I am 46 and have had the policy for 10 years. I have a $100,000 universal life policy with State Farm. I can get $6600 cash out of it.

    My current monthly payments on the policy are $75.23. The agent worked up a scenario where if were to get another universal life policy in 2 years it would cost $170 per month. This seems like quite jump, but I do understand that I would be 12 years older that when I took out my current policy

    The agent told me that instead of closing out (surrendering) the policy, I could do a loan. She said that the interest is 8% (I’m not sure if that is fixed or variable).

    She also said I had the option of paying monthly on the loan with a minimum of $15 (I can pay more), or I could choose NOT to pay and at my death the 6600 plus interest would be taken out of the proceeds of the policy.

    So at my age, what would be the best scenario?
    1: Surrender and cash out
    2: Pay off loan monthly
    3: Choose NOT to pay off loan and have it deducted from the proceeds at my death

    Any Pros and Cons of the 3 choice would be appreciated.


  7. Kate4Kim@P4P says:

    Hi Erik, great question, I’m sure a few readers can relate!

    In your situation, we would recommend borrowing against it, pay the 8% which is probably fixed annually if possible, and then pay the principle back monthly. (The sooner the better, just to save on interest, but no need to stress.) Don’t simply withdraw (vs. borrowing against) or cash out policy, as you can no longer get the same protection at the same price.

    Borrowing (and paying pack) from your policy will work fine as you are young and the policy is established (more than 7 years.) If after 5 years or so you haven’t been able to pay back the policy loan for some reason, then you might need to re-evaluate at that time and consider cancelling it, as the interest from the loan will compromise the profitability and even the stability of the policy if interest costs continue to accrue and drain the policy. (UL Policies can “implode” and become worthless if costs drain the cash value, as we detail in “The Inconvenient Truth About the Other Permanent Insurance.”)

    You’re honestly too young to “wait until death benefit pays back the loan”… that will accrue way too much interest to work and it will implode the policy in time.

    Surrendering now does no good as you’ll start over 12 years older and with brand new costs. The least efficient years of a policy (as far as cash value go) are the first few years.

    Hope that helps! We also have an article with more detail on this topic: “Should You Borrow Against Your Cash Value or Withdraw It?” though understand that we are speaking here about whole life, rather than universal life.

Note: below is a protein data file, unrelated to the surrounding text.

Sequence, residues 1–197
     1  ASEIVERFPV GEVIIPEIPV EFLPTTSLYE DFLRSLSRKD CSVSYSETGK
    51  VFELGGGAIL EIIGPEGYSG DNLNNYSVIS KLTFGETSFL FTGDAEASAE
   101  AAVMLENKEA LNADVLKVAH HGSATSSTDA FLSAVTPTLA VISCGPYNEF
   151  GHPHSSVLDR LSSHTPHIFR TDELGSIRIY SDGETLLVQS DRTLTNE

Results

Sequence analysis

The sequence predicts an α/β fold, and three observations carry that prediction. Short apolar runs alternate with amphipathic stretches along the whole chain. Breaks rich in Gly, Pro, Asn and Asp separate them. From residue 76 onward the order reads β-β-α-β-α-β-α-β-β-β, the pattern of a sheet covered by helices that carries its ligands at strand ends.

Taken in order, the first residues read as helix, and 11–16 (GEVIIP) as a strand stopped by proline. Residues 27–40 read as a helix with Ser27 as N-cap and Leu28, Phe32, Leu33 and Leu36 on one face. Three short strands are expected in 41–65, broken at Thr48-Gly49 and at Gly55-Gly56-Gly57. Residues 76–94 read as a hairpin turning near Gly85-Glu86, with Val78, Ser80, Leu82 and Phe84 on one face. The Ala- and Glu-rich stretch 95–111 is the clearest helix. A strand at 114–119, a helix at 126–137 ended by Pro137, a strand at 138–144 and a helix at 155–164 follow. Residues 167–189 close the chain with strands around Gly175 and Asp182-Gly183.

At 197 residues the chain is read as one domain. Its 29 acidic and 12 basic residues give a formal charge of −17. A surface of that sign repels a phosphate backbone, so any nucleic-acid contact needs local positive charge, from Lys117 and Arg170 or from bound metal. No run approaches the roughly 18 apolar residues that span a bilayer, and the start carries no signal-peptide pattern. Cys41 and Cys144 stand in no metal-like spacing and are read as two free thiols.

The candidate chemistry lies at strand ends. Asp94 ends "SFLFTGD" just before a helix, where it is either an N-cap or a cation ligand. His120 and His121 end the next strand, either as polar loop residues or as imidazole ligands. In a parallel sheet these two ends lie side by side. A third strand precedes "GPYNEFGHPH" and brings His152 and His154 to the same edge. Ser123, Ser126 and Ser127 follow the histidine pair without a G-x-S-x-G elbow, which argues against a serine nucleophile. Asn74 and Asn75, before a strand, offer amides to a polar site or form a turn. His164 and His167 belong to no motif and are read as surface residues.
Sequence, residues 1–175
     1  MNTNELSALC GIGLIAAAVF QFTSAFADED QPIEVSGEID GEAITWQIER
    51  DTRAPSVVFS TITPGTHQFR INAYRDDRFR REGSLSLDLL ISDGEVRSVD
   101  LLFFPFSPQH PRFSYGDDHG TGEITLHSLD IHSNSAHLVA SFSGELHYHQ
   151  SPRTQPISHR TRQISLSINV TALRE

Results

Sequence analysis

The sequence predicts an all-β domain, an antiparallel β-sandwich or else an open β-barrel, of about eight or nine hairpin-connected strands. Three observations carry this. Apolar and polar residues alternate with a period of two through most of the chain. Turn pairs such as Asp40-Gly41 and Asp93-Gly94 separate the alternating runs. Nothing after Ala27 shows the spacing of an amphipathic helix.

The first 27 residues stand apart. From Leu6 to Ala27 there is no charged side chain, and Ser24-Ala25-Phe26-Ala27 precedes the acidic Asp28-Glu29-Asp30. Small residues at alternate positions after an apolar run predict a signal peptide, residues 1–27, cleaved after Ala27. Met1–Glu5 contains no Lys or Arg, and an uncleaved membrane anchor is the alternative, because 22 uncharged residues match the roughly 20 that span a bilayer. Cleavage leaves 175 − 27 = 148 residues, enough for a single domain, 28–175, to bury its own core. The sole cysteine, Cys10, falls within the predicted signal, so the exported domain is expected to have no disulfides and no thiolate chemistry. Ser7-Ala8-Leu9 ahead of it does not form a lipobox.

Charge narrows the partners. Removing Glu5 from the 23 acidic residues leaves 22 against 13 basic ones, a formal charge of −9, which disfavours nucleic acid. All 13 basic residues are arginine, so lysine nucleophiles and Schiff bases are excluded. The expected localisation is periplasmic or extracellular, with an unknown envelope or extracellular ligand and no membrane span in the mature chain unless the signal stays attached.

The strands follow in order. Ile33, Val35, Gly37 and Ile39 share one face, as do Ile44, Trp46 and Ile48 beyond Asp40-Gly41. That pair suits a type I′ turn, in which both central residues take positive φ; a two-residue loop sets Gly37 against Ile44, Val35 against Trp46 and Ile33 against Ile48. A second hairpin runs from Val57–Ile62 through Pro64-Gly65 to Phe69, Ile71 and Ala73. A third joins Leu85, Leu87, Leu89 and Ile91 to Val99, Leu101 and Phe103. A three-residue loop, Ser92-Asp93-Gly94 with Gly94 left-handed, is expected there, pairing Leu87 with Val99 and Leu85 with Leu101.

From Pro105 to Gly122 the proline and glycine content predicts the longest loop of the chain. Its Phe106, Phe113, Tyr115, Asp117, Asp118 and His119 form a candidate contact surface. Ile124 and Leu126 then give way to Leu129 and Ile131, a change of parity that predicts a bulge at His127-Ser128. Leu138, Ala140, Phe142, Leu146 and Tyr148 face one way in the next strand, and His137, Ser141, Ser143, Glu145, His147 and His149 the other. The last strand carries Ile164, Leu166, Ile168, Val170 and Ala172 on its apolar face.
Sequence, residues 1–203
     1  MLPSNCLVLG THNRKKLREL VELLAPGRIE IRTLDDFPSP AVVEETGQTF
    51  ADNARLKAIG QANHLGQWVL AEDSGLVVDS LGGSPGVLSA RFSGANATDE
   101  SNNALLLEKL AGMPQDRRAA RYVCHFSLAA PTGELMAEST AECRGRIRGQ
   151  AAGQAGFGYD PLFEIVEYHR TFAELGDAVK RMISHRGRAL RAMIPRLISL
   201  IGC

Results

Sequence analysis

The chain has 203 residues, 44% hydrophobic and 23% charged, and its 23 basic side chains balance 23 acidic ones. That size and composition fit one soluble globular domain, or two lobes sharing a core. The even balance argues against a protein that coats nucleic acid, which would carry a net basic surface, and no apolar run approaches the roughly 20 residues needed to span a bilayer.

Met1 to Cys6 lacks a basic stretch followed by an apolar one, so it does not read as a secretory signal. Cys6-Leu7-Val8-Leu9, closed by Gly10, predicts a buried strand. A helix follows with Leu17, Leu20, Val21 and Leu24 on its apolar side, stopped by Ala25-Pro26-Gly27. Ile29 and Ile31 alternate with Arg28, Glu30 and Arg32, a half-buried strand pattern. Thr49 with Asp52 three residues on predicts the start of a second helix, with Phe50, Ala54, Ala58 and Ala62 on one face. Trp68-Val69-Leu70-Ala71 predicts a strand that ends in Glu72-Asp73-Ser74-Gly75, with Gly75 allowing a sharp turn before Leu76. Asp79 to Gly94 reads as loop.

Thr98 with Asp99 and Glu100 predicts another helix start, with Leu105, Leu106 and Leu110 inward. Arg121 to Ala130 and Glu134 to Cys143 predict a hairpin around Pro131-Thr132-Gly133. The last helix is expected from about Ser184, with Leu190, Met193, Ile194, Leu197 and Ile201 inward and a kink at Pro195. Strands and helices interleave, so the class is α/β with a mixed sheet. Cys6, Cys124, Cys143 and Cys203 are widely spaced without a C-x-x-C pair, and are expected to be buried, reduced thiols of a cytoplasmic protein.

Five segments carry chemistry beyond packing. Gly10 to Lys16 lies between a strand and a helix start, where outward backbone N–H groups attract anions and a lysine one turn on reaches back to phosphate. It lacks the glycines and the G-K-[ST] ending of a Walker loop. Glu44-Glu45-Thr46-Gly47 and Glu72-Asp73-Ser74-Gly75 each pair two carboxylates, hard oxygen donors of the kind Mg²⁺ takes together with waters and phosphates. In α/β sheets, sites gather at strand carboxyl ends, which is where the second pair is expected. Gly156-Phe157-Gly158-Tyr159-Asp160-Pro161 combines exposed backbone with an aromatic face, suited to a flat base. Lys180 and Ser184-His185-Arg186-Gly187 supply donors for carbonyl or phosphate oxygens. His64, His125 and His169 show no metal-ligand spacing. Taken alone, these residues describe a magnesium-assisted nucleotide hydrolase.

8. Erik says:

    Hi Kate4Kim,

    I couldn’t connect to your site earlier today. I got a database error when I tried to connect.

    I feel bad now that I didn’t see your post, because I went ahead and surrendered the policy. I tried to make the best decision I could from some sites I found on the internet, but it sounds like I didn’t make the right choice. I got worried about interest accruing.

    It’s a bummer because now my plan of $75.23 will according to State Farm jump (their best guess) to around $170/month in say 2 years or so. Does that sound right to you? Do you have any other suggestions for options on another policy?

    Thanks for the feedback; I wish I would have seen your post before I went and surrendered. I’m guessing since I did the electronic signature today that there is no way to back out of the decision now. Is that likely in your experience?

    Thanks again for your help,

  9. Kate4Kim@P4P says:

    We’re not sure if it was too late, but we advised Erik to contact his insurance agent, also to not cash any checks that came in the mail. Oftentimes you CAN cancel your cancellation!

  10. Ernest says:

    with a loan of $8500 dollars how much will an 8% interest rate cost me. It is figured different than banks

  11. P4P P4P says:


    $680 interest charged annually based on your policy anniversary date. Insurance companies calculate interest the same way banks do, but only bill for interest only.


  12. Deb says:

    We borrowed $8000.00 on our Met Life whole life insurance policy several years ago. We are just now in a position to be able to pay back the loan but our question is this in our best interest? Current cash value is $32,707.31 however the outstanding loan amount is $28,121.78. It has a guaranteed 4% interest rate yet they are charging us 7.40% interest on th loan. Our current monthly premium is $38.38. Policy holder is a 61 year old diabetic so we are not sure he would qualify for a new life insurance policy. Appreciate your assistance in making the best decision regarding keeping or terminating this current policy.

  13. Kate4Kim@P4P says:

    Great question, I believe Kim contacted you directly to get more information and address your question privately.